Managed to see “On What a Lovely War” on Friday, at the northern stage. I’ve not see it before although I’ve been aware of the play since they did it while I was at school. I guess that being based on World War I, the show starts from an emotional strong point, but the mix of light-hearted and optimistic songs, set against the deaths of millions works as well as it ever did; this version of it was magnificent, with the instrumentation on stage, as props, actors moving backward and forward between playing, singing and acting. Perhaps the most moving section was the 1914 football match in no mans’ land, ironic as it has no music over it.

The whole play is encapsulated, though, by its version of “Keep the Home Fires Burning” — the original is a light and jaunty number, although with a melancholy for home. Here, it is performed by a lone nurse, lending it a poignancy that is in the song, but which is hidden in most versions; the combination of the simple lyric and delicate melody is heart-breaking.

I knew that it was an Ivor Novello song; I didn’t know that it was his first big hit and defined his career to the extent that his grave reads “Ivor Novello 6th March 1951 Till you are home once more”. Nor did I know that this epitaph are the words of another — Lena Guilbert Ford, an American poet who wrote the lyrics, but has otherwise moved through history leaving only this song and a forlorn edit page to show her passing. A little more digging got me to an archive from New York Times:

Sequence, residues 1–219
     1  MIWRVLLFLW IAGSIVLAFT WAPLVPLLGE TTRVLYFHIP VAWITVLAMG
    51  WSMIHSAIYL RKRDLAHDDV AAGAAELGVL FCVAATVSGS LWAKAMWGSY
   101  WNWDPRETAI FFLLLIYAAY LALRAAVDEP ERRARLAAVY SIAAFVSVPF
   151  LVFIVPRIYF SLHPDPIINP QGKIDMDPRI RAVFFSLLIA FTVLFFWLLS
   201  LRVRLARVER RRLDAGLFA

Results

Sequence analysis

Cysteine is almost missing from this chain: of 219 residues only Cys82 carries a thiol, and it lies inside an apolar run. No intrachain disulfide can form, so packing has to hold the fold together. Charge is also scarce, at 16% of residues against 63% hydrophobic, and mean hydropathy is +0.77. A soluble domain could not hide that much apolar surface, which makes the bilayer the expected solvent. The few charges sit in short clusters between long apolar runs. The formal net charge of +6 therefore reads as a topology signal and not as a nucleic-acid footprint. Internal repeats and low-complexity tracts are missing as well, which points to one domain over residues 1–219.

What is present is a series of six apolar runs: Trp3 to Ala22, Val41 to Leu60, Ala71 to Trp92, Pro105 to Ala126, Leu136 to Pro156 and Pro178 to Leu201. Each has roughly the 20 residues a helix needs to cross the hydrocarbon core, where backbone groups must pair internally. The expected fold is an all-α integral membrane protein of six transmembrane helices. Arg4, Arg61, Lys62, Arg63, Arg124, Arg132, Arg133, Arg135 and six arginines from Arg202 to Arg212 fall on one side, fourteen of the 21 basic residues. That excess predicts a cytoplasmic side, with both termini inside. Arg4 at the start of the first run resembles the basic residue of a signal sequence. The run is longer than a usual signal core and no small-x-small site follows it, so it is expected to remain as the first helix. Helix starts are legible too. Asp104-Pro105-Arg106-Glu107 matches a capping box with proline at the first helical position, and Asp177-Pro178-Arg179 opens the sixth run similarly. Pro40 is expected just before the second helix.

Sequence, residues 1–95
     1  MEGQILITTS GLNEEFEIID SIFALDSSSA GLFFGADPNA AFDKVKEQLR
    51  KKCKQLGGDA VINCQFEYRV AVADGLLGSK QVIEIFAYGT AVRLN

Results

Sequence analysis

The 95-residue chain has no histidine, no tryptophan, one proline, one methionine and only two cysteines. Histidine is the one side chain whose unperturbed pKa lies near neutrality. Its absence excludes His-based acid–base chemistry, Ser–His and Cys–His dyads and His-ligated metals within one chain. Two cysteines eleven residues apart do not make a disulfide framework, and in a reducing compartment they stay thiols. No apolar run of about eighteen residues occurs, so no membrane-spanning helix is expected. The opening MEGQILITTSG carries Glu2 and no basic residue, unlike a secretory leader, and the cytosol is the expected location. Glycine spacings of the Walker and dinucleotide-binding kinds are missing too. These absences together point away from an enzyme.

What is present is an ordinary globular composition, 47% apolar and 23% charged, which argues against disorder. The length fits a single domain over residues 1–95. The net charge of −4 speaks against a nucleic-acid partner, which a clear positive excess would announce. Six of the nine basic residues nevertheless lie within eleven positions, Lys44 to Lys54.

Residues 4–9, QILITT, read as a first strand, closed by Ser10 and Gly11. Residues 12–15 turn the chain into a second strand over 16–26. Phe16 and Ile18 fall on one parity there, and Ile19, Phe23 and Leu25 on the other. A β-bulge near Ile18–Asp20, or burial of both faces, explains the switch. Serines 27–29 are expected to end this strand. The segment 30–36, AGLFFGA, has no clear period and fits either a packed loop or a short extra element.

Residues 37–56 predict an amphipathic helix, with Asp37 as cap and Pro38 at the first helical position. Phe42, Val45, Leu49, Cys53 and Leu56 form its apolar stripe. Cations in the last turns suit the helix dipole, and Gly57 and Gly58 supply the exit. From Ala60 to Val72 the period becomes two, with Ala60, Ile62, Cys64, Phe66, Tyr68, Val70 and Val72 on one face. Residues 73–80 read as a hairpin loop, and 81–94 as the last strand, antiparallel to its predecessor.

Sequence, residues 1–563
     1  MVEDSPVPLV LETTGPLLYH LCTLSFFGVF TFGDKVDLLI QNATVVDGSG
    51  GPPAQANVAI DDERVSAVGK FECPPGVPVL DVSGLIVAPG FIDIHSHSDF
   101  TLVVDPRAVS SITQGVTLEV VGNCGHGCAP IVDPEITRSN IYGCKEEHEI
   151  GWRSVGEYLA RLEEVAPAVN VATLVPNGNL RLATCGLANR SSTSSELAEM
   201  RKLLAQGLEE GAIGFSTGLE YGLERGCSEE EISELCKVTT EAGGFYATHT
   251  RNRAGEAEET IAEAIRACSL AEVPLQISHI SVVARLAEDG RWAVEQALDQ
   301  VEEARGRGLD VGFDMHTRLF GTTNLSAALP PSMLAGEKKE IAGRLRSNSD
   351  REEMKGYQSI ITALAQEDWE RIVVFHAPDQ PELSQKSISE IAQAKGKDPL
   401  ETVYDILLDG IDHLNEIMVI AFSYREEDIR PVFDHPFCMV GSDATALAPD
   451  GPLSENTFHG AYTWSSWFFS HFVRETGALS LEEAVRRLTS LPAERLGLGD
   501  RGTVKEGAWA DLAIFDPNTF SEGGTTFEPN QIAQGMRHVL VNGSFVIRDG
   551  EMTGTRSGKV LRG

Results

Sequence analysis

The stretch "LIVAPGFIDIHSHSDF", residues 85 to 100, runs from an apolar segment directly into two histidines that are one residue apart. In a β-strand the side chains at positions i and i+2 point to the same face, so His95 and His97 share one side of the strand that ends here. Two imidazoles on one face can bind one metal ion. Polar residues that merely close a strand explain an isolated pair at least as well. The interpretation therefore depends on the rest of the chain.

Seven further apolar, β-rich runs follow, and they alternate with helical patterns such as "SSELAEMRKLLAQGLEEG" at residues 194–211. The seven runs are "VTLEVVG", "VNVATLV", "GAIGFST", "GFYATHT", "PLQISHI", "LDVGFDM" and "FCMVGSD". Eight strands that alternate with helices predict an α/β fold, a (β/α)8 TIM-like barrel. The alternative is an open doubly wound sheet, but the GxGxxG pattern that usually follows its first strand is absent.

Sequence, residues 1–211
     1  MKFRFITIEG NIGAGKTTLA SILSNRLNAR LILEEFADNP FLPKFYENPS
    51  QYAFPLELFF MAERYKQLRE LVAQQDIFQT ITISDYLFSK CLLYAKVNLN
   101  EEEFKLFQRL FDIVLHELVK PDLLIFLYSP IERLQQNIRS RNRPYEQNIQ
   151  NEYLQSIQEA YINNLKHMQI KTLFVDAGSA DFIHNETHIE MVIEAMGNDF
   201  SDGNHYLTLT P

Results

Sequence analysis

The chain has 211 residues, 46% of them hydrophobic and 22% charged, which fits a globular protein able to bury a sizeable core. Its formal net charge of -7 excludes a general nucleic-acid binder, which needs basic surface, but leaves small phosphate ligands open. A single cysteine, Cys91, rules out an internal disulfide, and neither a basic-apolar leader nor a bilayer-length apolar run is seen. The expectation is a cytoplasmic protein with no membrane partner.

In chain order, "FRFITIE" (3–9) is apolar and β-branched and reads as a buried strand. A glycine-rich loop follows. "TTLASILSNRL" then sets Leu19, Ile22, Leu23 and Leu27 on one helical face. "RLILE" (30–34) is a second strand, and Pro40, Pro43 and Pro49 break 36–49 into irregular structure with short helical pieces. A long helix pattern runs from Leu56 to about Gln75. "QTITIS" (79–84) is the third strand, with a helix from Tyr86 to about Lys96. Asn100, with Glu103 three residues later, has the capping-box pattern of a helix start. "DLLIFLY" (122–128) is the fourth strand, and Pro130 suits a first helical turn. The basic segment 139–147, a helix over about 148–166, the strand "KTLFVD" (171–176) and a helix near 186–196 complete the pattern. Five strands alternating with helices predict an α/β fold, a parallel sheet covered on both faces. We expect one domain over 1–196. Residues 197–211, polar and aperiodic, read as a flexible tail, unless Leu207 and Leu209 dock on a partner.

London, March 12 — Two bombs were dropped together on the house of Mrs. Lena Guilbert Ford, the American poet who was killed in the air raid last week, and on the adjoining dwelling, an army expert testified at the inquest today. The bombs exploded simultaneously.

The Coroner’s jury found the death of Mrs. Ford, best known as author of the war song, “Keep the Home Fires Burning,” and that of her son, Walter was due to “suffocation from the collapse of a house caused by the explosion of bombs from a hostile aircraft”.

— New York Times (1918)

The rest of the article is a distressing account of the inquest, which tried to determine whether the mother outlived the son which had implications for inheritance.

She made little more impact on history because she was in it for only a short time more, dying in the declining years of World War I, a civilian casualty of a new form of warfare. One more tragedy among 20 million.